Still, whatever the reason, a large portion of municipal bond issuance will go away over the next few years, and a very popular sector of the market for risk-adverse individual investors will eventually disappear. During 2016, 29% of the municipal bond market’s new-issue volume was composed of advanced refunding deals, according to Bloomberg. Municipal bonds can still be refinanced at their call dates rather than in advance, so overall issuance will likely be lower over the next few years, until bonds that have not been advanced refunded reach their call dates.

In addition to these changes, the bill also likely will lead to differences in the structures of new municipal bond issues. Since advanced refunding will not be an option, some issuers will want shorter calls, such as five years, instead of the current standard of 10 years, because they will want flexibility if yields move lower. Issuers also might not issue as many premium coupons, because these bonds have been used as more attractive candidates for advanced refundings, but require more interest to be paid each year as an offset. Also, buyers will not put as much value on premium coupon bonds, since the advanced refunding option would not be available, so the cost of borrowing for issuers could increase.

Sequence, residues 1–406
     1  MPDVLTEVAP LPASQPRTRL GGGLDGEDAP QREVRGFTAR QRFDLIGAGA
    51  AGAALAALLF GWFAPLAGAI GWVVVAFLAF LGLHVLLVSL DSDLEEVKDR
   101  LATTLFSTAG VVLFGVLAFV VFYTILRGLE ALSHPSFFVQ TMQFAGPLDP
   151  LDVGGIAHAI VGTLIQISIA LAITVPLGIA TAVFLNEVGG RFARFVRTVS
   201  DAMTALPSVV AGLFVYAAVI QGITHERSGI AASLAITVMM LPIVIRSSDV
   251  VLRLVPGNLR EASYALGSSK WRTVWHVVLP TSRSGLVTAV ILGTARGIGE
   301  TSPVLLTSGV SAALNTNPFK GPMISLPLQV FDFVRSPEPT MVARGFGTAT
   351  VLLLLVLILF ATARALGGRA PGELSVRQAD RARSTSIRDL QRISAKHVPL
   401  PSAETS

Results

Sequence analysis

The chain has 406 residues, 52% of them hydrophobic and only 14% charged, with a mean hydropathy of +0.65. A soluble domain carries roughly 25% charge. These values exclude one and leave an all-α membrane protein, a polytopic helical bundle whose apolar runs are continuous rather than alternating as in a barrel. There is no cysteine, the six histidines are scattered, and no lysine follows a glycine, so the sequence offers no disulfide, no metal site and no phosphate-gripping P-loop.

3) Lower Corporate Tax Rates
The third impact of the tax bill is lowering the corporate tax rate. While municipal bond market demand is dominated by individuals either through professionally managed products or brokerage accounts, corporations represent approximately one quarter of municipal bondholders. The primary types of corporations that own municipal bonds are commercial banks and insurance companies. With the corporate tax rate dropping, from 35% to 21%, the benefit of their holding munis will shrink. It is tough to quantify how much, but it will be different. Over the years, property and casualty insurance companies have been in and out of the market as their profitability has fluctuated with natural disasters, so the market has dealt with them without demand for long periods of time; but this time, the calculations will be different. Insurance companies should still like the longer average maturities of municipal bonds compared to other markets, which fits well with the length of their liabilities, but they may need higher yields to participate. So, this is a negative for the market but tough to quantify.